Managing Editor Jon Elliston, on the other hand, points out that Xpress has used the Web to break away from the limitations of weekly publishing. “We can report [news and events] almost instantaneously. And there are virtually no space limitations on the Web.”

But with those enhanced capabilities come new challenges: “It makes for more work,” Elliston notes. “We’re running what are in essence two publications—one online and one in print—but with more and faster interactivity with readers.”

One possibility in that direction may be linked to cell phones. Many La Voz readers don’t have home computers, McCarson notes. He’s investigating mobile-messaging options—the next step in news delivery, he argues—to complement the online version of La Voz.

Grant agrees, demonstrating how she’s been using her own BlackBerry. “People are finding it easier to view their news online,” she says. A publisher who doesn’t take advantage of such trends, Grant maintains, “is missing the whole point.”

What’s next

Despite the financial stresses and profound uncertainty amid dizzying fundamental changes, however, the message from local journalists remains hopeful.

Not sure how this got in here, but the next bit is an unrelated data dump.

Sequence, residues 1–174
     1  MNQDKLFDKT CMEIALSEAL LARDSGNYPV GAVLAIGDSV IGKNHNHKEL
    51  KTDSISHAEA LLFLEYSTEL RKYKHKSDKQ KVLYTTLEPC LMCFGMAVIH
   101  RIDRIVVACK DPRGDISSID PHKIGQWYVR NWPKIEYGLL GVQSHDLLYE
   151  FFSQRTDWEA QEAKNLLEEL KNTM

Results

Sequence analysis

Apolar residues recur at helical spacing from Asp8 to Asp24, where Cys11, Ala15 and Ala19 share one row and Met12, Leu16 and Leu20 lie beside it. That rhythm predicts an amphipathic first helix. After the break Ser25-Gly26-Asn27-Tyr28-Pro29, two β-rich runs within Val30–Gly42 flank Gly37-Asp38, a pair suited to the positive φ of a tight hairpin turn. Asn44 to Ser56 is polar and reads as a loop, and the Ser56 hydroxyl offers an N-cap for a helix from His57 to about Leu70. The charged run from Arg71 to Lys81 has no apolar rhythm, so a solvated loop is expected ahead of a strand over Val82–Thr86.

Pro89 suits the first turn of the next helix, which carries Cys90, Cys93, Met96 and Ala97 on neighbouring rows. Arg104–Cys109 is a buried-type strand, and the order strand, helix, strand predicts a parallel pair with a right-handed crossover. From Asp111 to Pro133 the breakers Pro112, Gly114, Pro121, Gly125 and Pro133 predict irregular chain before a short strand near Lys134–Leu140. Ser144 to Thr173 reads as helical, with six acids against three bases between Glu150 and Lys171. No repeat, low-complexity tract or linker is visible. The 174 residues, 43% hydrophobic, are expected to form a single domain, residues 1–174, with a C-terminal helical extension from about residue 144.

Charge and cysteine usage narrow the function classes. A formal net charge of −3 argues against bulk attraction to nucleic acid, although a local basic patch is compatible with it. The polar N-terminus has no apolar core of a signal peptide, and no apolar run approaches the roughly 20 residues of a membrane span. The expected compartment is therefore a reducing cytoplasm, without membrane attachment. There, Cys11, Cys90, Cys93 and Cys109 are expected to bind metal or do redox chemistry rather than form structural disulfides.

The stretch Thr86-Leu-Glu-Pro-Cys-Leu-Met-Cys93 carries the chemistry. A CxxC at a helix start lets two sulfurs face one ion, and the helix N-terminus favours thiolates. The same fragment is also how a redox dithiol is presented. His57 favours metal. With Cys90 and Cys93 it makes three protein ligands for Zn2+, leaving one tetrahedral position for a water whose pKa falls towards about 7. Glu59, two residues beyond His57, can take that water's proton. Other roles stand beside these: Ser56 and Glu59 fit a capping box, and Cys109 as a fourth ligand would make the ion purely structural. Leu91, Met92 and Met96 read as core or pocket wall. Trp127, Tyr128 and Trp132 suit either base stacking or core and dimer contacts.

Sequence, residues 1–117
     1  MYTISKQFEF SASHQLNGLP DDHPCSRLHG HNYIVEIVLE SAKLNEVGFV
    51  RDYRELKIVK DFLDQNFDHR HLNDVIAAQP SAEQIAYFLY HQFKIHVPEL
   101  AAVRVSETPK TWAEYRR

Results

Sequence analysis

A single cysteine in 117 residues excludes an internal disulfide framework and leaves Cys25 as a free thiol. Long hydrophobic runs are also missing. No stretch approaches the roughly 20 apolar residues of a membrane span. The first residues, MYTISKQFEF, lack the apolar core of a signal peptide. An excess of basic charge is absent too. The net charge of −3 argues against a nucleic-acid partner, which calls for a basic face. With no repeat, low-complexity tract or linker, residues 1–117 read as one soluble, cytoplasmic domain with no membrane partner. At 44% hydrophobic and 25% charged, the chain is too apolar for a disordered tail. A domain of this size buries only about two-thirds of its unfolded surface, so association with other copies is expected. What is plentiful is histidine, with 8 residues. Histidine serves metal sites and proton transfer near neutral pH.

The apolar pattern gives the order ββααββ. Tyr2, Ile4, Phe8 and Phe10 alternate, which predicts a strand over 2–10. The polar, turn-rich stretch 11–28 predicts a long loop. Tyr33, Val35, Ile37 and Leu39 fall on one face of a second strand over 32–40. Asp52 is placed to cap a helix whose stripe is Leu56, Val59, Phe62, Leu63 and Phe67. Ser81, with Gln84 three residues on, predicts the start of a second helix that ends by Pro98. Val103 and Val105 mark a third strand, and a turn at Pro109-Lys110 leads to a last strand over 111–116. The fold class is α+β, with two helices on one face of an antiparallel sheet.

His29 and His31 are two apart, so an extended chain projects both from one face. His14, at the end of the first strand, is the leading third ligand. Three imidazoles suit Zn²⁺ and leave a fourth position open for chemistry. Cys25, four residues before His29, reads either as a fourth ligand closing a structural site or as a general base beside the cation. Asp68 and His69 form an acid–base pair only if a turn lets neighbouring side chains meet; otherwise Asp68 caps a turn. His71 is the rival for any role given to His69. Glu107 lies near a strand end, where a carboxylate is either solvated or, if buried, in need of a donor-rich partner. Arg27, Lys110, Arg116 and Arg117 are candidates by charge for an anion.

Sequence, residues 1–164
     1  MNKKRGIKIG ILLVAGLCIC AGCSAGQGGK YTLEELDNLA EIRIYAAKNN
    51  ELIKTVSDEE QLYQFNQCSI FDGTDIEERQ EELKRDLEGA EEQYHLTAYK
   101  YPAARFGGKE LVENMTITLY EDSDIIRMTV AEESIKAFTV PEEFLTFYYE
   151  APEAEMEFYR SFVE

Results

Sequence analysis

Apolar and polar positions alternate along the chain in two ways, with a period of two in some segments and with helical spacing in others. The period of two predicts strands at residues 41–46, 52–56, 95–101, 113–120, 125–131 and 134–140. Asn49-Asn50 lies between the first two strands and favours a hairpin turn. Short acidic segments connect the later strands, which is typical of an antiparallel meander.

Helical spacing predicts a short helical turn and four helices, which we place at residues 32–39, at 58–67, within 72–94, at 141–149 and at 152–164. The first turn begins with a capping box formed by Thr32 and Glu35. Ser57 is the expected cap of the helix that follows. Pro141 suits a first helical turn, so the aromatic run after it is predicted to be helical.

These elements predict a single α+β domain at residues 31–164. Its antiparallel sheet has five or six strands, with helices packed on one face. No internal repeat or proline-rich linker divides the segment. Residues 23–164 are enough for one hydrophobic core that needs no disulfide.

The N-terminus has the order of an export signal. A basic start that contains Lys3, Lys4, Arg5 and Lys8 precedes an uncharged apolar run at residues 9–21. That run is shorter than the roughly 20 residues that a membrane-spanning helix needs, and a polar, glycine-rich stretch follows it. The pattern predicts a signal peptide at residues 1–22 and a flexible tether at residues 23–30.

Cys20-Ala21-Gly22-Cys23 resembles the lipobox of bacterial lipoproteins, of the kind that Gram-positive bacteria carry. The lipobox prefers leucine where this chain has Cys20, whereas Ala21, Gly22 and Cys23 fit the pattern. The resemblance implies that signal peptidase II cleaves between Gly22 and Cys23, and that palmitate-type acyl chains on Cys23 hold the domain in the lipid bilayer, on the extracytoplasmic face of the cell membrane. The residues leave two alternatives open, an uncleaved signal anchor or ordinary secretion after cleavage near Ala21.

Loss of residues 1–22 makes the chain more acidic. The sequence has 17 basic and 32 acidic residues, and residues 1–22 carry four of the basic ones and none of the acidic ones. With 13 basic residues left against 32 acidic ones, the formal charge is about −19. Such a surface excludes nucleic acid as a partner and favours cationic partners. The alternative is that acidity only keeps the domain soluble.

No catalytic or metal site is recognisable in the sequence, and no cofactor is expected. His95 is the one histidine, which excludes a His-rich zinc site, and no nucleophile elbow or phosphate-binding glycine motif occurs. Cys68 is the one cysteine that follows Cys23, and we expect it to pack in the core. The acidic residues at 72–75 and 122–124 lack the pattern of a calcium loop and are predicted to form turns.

When asked the big question—Where do we go from here?—Elliston at Xpress emphasizes that the publication’s long-standing goal hasn’t changed, saying, “A core part of our mission is to engage active, thoughtful citizens and draw them into an informed dialogue about local matters, and the Web provides multiple tools for doing just that.”

Meanwhile, Xpress Forum Administrator Steve Shanafelt wrote in a recent post: “I’d like to see Xpress start thinking of itself as a Web site with a newspaper, rather than a newspaper with a Web site. (Or, as [Publisher Jeff Fobes] would probably correct me, a community resource with a Web site and a newspaper.).”

And Fobes himself, speaking about his paper’s online efforts, writes, “We’re all in a learning curve here.” But after noting the challenges of shifting resources to the Web and evolving from “print habits,” he goes on to say:

“I urge reporters to think less about ‘owning the story’ and see themselves as servants of the information society, helping bring sense to all these newly empowered storytellers emerging from the grass roots. Besides, there are only a few of us reporters (and with the current economic climate and death rattle of print media, there are fewer and fewer), but there are multitudes of citizens who have lots to say.

“This is a wild and exciting time to be in journalism/media.”